Is there pride of ownership among the leaders of organizations who practice Lean? Are they proud if their management practice? Have they done something noteworthy, perhaps even remarkable, that most others others have not? Are leaders’ mistakes and errors few and mostly insignificant. Do people like their leaders? Are they proud of them? Would they kiss them?
To have pride in one’s work implies that the work – the practice of Lean management – is well done, which requires leaders to understand the true meaning and intent of Lean. Pride of ownership cannot actually exist if leaders misunderstand Lean as cost cutting, layoffs, and lead-time reduction (or “Continuous Improvement” as three levels: gold, silver, bronze; and “Respect for People” as “a given”).
Take, for example, homeownership. Owning a home can be a challenging and costly endeavor. For some people, the home is purely utilitarian, and so they spend the minimum time, effort, and money maintaining or improving their home. Other people, however, take great pride in home ownership. That means they take pride in maintaining or improving their home and put in the time, effort, and money to do it right. Problems are corrected in precise, not sloppy ways. Things that need repair or improvement are fixed with an eye towards high quality, not band-aids, to ensure long-lasting improvement. If they need new front door, pride of ownership means they will purchase a high quality door and have it installed by an experienced carpenter. People who take pride in home ownership understand and value the knowledge and accumulated experience of carpenters and other trade people who work on their house. They would rather pay a higher price for good work than accept the low bid and have to endure the pain that comes with sloppy work.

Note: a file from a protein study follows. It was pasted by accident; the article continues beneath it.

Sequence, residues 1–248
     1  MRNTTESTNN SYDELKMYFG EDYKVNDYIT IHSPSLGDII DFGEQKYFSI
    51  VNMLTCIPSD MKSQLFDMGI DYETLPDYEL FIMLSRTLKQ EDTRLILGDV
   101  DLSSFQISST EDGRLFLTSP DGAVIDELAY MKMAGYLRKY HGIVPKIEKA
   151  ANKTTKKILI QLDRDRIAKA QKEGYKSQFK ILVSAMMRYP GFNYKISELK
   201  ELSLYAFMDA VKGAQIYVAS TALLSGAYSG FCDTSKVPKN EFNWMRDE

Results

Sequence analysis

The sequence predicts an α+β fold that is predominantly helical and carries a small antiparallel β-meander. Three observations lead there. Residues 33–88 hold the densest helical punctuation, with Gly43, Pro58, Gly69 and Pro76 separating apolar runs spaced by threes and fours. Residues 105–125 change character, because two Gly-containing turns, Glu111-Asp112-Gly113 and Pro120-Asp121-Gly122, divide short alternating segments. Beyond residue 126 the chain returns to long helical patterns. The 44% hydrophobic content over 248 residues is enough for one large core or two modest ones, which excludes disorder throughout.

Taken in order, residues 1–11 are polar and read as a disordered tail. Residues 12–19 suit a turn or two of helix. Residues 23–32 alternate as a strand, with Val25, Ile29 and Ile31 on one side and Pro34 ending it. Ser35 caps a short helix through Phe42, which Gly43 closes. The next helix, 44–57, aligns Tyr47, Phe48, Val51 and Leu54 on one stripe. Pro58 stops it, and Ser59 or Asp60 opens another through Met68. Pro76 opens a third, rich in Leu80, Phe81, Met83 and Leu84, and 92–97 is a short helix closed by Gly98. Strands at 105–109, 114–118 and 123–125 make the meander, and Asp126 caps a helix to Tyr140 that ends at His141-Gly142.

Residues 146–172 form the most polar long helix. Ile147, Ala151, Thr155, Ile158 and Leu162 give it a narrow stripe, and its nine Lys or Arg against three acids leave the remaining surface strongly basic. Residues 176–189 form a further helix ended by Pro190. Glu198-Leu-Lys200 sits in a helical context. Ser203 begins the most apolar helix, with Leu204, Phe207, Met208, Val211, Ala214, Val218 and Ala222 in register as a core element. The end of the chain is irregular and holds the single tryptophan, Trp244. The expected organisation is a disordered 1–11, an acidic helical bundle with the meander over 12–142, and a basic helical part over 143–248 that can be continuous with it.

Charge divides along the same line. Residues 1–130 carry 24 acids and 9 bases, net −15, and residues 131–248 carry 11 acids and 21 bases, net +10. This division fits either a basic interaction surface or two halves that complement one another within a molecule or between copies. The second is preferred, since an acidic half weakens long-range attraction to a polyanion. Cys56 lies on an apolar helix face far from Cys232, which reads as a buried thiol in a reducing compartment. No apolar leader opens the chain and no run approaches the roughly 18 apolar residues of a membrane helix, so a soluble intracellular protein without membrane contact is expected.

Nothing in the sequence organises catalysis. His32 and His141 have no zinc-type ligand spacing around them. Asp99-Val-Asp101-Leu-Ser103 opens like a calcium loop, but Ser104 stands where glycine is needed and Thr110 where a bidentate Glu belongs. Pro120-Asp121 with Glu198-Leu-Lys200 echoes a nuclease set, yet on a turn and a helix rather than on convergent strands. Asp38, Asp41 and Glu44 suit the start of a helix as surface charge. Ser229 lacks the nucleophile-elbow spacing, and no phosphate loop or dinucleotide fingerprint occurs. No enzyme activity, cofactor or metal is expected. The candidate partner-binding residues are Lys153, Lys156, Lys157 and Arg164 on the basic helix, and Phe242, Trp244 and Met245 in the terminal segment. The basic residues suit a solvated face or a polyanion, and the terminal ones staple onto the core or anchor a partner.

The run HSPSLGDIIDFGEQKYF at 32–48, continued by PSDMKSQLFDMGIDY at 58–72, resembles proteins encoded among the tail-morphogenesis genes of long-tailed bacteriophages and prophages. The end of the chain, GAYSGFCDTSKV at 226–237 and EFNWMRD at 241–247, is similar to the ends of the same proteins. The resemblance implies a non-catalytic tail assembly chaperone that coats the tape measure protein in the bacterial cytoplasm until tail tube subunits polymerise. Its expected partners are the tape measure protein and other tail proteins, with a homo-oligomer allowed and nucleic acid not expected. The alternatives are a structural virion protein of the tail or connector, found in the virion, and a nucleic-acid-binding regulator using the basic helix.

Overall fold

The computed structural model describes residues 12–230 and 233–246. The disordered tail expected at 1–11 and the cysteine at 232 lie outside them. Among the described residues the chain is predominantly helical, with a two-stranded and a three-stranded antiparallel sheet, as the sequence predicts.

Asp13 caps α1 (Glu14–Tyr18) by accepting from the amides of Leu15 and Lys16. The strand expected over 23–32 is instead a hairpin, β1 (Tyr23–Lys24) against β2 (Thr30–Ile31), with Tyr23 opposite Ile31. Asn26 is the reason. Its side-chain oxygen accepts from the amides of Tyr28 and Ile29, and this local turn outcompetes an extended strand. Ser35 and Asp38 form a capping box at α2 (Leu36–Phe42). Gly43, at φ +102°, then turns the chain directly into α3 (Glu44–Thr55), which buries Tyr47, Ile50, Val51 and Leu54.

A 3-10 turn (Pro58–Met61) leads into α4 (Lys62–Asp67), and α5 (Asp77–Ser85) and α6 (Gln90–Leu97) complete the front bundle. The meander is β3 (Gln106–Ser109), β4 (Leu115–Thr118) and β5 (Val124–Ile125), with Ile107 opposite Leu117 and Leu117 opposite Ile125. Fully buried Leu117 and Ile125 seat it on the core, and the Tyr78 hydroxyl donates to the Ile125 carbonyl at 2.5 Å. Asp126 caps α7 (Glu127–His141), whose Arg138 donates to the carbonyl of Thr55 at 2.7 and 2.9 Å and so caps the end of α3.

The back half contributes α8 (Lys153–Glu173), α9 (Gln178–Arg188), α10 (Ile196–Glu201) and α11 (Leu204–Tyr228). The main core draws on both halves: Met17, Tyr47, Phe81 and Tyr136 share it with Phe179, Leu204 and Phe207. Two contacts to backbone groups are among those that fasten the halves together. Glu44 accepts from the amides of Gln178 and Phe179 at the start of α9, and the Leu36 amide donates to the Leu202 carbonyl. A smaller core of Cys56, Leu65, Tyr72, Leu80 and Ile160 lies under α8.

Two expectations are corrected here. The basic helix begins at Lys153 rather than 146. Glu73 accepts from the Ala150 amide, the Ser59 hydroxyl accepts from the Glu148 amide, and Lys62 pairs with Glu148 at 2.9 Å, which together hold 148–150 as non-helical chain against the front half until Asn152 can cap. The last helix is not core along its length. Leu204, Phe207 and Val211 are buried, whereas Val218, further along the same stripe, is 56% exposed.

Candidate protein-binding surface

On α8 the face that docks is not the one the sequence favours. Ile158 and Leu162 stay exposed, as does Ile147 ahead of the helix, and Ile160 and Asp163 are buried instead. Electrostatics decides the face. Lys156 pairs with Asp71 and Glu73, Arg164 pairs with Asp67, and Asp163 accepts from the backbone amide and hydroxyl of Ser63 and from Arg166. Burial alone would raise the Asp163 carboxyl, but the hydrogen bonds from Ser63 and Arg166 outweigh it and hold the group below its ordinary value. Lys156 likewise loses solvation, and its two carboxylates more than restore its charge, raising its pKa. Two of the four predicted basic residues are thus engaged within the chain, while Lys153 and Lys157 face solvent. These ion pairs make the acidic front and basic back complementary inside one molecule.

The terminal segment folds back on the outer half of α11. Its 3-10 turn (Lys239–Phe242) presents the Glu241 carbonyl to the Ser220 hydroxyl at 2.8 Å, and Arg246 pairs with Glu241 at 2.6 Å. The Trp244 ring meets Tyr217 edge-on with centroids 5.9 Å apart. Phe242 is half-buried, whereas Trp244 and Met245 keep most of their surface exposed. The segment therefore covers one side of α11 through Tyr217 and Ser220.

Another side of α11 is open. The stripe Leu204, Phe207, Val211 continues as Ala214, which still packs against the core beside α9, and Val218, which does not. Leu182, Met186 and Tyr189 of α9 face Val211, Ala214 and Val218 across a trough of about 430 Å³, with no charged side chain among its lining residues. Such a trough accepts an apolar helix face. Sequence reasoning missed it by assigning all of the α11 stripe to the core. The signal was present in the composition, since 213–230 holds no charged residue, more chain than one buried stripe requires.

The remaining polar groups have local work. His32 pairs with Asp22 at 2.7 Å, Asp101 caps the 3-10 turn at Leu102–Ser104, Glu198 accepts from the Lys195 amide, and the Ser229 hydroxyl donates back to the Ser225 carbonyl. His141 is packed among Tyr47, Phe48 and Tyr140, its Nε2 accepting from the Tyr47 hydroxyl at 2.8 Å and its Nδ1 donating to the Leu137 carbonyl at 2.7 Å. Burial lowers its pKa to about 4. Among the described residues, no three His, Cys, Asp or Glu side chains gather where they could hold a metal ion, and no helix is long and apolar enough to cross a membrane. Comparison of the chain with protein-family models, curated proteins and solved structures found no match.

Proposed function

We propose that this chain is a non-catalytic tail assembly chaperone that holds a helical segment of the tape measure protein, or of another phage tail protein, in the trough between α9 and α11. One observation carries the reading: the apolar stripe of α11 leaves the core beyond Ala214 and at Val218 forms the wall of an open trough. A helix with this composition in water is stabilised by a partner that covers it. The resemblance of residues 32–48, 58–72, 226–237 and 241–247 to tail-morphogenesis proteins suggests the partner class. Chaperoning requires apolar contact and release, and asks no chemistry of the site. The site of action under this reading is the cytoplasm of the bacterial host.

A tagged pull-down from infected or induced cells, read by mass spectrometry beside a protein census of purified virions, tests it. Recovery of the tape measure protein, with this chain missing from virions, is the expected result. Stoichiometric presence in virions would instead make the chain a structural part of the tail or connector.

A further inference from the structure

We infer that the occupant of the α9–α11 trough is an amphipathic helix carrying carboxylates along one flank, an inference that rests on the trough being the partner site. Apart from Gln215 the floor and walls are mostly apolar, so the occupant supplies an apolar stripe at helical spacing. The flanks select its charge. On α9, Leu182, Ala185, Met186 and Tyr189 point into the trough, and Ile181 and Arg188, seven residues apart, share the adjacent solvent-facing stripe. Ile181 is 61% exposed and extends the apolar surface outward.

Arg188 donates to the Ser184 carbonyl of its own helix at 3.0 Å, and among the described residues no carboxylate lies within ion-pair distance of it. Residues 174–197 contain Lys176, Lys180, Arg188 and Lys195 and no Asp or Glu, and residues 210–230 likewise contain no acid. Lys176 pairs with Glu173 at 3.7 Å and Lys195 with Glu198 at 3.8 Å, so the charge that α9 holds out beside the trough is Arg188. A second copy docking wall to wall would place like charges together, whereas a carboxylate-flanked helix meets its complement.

Most leaders have a utilitarian view of management and spend the minimum time, effort, and money to improve their understanding and practice of management. They are lousy Leanowners. The workplace may look good from the outside, but things are a wreck inside. Problems are ignored or, when finally recognized, corrected in sloppy ways. Things that break are hurriedly fixed with band-aids, ignoring actual causes. If they need a new manager, they hire someone from the outside who looks good on paper and interviews well but does poor quality work. People are paid according to industry averages, the corporate equivalent of low bid.
The quality of Lean in an organization is driven largely by people being allowed by their leaders to think, and not just always being told by their leaders to do things, “nose to the grindstone.” Allowing people to think requires leaders to view employees as having a brain – whether loading dock worker or marketing chief. If leaders understand people to have a brain, then they must be extremely careful not to shut it down by blaming people for problems or creating a threatening work environment. That, by itself, is reason to take pride in one’s work as a leader. If you can do that, you will have done something noteworthy, which, in turn, unlocks the door to achieving something remarkable.